Food Safety Week - avoid food poisoning from raw and risky foods

Published on 04 November 2016


Rockhampton Region residents are urged not to become one of the estimated 4.1 million people who develop food poisoning in Australia.

Councillor Ellen Smith, Chair of the Planning and Regulatory Committee, said raw and risky foods will be the focus of this year’s Australian Food Safety Week from the 6 November to 12 November.

“Food poisoning outbreaks have been linked to raw foods such as raw eggs, bean/seed sprouts, frozen berries and lettuce, so during Food Safety Week we’ll be hosting an information display at Stockland Shopping Centre with handy tips on food preparation and safety,” Cr Smith said.

According to the Food Safety Information Council, an estimated 1 million Australians have to visit a doctor with food poisoning each year, 32,000 people end up in hospital and 86 people die.

“Raw foods can be contaminated with bacteria and viruses in many ways from food handlers’ unwashed hands, from the soil, compost or dirty irrigation water to dirty kitchen equipment and by contact with other contaminated food. It’s very important to be aware of the risks associated with eating some raw foods and what you can do about it.”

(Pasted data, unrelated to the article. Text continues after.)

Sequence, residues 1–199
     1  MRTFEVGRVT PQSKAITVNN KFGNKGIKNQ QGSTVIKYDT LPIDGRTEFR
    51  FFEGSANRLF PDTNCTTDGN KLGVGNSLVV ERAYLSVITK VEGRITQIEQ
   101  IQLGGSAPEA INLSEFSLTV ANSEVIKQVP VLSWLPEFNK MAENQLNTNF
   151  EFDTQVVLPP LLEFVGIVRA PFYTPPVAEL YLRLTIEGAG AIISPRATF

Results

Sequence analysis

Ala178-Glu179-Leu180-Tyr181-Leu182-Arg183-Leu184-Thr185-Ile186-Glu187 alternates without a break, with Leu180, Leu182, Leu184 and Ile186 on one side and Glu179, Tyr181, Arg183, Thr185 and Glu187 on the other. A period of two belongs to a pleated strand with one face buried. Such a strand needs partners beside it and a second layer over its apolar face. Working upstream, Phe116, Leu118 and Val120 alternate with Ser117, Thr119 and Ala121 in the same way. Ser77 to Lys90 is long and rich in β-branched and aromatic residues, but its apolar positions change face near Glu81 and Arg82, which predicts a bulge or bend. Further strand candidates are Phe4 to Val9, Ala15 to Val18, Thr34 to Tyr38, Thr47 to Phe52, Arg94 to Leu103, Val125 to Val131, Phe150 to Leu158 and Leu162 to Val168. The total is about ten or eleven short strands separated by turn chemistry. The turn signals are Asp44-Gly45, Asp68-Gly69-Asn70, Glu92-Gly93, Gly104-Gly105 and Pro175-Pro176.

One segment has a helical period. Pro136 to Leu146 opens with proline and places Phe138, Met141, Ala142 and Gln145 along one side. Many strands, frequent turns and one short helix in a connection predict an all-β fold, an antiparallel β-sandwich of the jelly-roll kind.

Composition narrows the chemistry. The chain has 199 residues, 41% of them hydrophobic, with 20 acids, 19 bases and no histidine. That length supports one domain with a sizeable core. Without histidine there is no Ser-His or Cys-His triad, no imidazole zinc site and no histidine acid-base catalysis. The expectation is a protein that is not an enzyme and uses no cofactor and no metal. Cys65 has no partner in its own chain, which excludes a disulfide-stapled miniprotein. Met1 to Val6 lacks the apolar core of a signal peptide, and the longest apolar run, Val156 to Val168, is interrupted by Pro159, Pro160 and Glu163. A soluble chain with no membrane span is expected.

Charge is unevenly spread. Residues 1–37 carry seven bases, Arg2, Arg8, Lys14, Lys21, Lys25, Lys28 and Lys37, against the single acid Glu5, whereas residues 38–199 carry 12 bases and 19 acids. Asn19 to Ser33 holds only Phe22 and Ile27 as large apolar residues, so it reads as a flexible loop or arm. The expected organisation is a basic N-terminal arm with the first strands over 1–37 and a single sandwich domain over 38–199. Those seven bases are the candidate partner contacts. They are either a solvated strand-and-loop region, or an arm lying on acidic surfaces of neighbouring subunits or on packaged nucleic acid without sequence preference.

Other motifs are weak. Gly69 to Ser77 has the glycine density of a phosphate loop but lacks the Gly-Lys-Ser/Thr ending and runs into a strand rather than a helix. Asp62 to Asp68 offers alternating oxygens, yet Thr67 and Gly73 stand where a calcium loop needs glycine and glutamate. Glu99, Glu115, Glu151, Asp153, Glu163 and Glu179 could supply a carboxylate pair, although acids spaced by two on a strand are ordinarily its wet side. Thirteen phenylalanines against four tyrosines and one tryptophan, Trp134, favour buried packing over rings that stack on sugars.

You can reduce your raw food risk by following these simple tips:

  • Don’t use any cracked eggs in raw eggs dishes such as egg nog, uncooked desserts such as mousses and tiramisu, hollandaise sauces, fresh mayonnaise, aioli, health shakes with added raw egg or steak tartare. Either discard the cracked eggs or save them for a dish like a cake that will be thoroughly cooked. Prepare any raw egg dish as close as possible to consuming and refrigerate at or below 5°C
  • Don’t wash eggs from your backyard chooks as it spreads bacteria around your kitchen. Use a paper towel or brush to remove as much visible dirt as possible and wash your hands thoroughly afterwards. Once again it’s best not to use them in raw egg dishes.
  • Don’t eat undercooked dishes including minced meat, such as in hamburgers and sausages, liver (including liver paté), stuffed or rolled roasts or poultry. Cook these foods all the way through to 75°C to kill any bacteria inside.
  • Don’t let juices from raw meat or poultry contaminate other foods that won’t be cooked like salads or desserts. Use separate chopping boards for raw meat and salad veggies, cover raw meat and poultry in the fridge.
  • Reduce your risk of food poisoning by washing your fruit and veggies under running water and dry with a paper towel just before eating.

What: Join Council’s Environment and Public Health team for National Food Safety Week

When: Wednesday 9 November 2016

Where: Stockland Shopping Centre outside JB HI FI